“All afternoon,” persisted Whiskeyjack, “we have been pursuing progress. And here is our answer — this lawnmower is an emblem of progress.”

“I am very grateful—” I began, trying to polish up an excuse to take my leave of Whiskeyjack.

“Look,” he said “it’s a good thing, isn’t it?”

“The lawnmower?” I asked, frivolously.

“No — progress. Progress is a good thing, isn’t it?”

“If it leads to rabbits nine foot high,” I answered, “no — definitely no.”

“Then progress is a bad thing, eh?”

“Yes — no,” I began. My sympathy for the Athenians who murdered Socrates took on a new dimension. At this moment, I’d have cheerfully poured out the hemlock for Whiskeyjack.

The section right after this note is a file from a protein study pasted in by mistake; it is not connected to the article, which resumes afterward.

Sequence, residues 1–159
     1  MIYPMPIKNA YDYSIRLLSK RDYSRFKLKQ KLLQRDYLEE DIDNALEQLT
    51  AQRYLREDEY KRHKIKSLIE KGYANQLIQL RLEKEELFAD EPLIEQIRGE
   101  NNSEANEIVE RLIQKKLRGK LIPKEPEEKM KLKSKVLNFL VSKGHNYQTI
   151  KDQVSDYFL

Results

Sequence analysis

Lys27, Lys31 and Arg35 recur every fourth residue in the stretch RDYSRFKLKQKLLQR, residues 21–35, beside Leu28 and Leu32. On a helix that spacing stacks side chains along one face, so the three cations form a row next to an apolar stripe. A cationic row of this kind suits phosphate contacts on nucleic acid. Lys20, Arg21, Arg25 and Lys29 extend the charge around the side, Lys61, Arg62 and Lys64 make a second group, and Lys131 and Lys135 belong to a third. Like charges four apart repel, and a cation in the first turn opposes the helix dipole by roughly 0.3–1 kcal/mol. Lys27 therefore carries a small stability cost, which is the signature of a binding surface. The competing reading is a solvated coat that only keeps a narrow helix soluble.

“Phew,” whistled Whiskeyjack, “we’re getting there at last. He admits that progress can be good and bad. So that it’s not a question of progress or no progress, but a question of what sort of progress? Eh? Right?”

I agreed, for I realized I’d been “patricked,” to use a favorite expression of my father, Jeremy Patrick. He had a great soul of contention, and, like Dr. Johnson, a love of downing an opponent in argument. “I’ve patricked him,” my father would tell my mother.

Whiskeyjack did not know my father’s term, but he knew he had me “patricked.”

“And what sort of progress is good,” Whiskeyjack continued in a tone of sweetest reasonableness, “and what sort is bad?”

“I don’t know.”

“And you — you,” chortled Whiskeyjack, “are a student of philosophy, a lover of wisdom?”

“Well, just consider,” he said, after he had enjoyed his chortle at my expense, “just consider this lawnmower. It moves forward when it cuts grass, doesn’t it?”